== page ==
Being a passenger on a Southwest Airlines jet doing evasive maneuvers is not my idea of a good time.
We were landing at Los Angeles International Airport on a clear day in early 2006, and we were low enough that my view was partly blocked by a building with a big green Herbalife sign. All of a sudden, the plane veered sharply upward and the engines started roaring. I could hear the passenger next to me say, “Something is really wrong.” I thought, “Please God, don’t let me die in a plane crash.”
For what seemed like an eternity (it was probably less than three minutes), no one said anything. Then the pilot’s voice came over the public address system. He said he was very sorry but the runway had not been cleared in time. I have to wonder what would have happened if our attempted landing had taken place during a foggy morning or at night.
What is even more frightening is that my experience is not uncommon. According to the Los Angeles Times, LAX had eight runway “close calls” in fiscal year 2007 (October 2006 through September 2007). In a report released in early December, the Government Accountability Office, Congress’ investigative arm, concluded that U.S. air travelers face a “high risk of catastrophic runway collision.” And according to the report, since 2001, LAX has had the highest number of runway “incursions” of any major U.S. airport. In one incident in August 2007, two commercial planes carrying 296 passengers were separated by just 37 feet at LAX.
There are different theories as to why runway incursions happen at LAX. Air traffic controllers believe that incursions are a result of inadequate controller staffing. The FAA believes that they are a problem of runway configuration. As various groups with an interest in the airport debate the best long-term solution, too little gets done in the short term.
In the meantime, with each passing week, millions of passengers’ lives are being put at high risk. An interim solution exists, and the FAA must adopt it now.
The GAO report’s data provide the solution: We need to reduce flight volume and increase spacing between flights. The report notes that during fiscal year 2007, there were 370 runway incursions across the nation at airports with varying runway configurations and different numbers of air traffic controllers. That means factors in addition to runway geometry and controller fatigue would account for the current number of runway incursions. What is different between today and 30 years ago, when runways were safer? The obvious answer is the dramatic increase in flight volume.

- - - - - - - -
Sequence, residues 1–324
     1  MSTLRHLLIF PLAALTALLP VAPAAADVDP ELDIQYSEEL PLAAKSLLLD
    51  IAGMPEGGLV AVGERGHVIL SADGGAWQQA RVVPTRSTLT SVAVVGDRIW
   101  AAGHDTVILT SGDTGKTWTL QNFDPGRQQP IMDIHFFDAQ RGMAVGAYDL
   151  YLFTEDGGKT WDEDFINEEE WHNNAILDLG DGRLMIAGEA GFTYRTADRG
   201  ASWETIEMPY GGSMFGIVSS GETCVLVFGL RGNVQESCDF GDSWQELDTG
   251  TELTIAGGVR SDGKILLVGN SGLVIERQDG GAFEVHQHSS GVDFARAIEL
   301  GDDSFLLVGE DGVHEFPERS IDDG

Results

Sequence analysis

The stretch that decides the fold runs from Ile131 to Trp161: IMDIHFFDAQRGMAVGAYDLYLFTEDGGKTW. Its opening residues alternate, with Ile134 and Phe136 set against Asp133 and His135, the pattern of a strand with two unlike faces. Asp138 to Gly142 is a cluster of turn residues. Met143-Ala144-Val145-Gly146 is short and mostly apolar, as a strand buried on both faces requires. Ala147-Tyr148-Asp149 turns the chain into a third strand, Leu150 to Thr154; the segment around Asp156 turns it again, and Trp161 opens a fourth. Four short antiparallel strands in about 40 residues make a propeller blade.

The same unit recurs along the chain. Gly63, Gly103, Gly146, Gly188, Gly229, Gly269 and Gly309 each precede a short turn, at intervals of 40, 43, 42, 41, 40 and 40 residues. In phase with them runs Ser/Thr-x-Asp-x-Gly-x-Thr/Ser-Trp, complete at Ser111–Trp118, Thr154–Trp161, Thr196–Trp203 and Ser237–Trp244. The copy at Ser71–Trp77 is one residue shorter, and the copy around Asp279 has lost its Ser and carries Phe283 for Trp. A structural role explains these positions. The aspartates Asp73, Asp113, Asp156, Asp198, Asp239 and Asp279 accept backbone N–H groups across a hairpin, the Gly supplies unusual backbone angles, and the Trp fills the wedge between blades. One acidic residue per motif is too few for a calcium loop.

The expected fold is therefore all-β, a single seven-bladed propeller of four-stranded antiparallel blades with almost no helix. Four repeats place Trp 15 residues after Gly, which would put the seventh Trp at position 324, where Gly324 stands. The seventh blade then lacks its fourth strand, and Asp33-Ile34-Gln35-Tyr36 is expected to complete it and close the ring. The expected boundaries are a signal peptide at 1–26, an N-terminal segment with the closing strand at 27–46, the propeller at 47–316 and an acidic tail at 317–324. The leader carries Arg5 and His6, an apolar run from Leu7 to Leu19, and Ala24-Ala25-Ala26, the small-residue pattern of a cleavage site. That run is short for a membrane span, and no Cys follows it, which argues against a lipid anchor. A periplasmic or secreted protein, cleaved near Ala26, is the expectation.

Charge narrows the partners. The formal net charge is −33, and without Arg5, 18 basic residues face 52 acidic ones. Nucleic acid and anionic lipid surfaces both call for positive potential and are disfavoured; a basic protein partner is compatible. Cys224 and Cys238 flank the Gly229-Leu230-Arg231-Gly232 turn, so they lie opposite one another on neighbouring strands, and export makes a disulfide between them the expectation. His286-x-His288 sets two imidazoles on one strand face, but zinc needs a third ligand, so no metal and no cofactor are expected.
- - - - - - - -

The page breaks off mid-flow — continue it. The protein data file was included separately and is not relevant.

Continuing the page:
During peak travel hours, landings and takeoffs are separated by about two minutes at LAX. Suppose that time was increased to five minutes. There would be many fewer incursions because an airplane would land and taxi to the gate before another airplane ever showed up on the horizon. If five minutes is deemed impracticably long in terms of scheduling flights, there is surely a time between five minutes and two minutes that would dramatically improve safety and meet most scheduling requirements.
If the FAA were to adjust the time between landings and takeoffs at heavily used airports such as LAX, it would have to divert flights to less-used regional airports and allow fewer flights during peak hours. There is precedence for such actions. Late last year, U.S. Transportation Secretary Mary Peters announced plans to cap flights at New York City airports in order to reduce delays throughout the nation. Safety concerns are even more important than missed connections and late flights.
Would some passengers be inconvenienced because there would be, say, 24 round-trip flights between LAX and Oakland as compared with the 29 we have now? Yes. Would some airlines lose some profits over an interim period? Yes. But the alternative is unacceptable: We’re playing Russian roulette with the lives of passengers.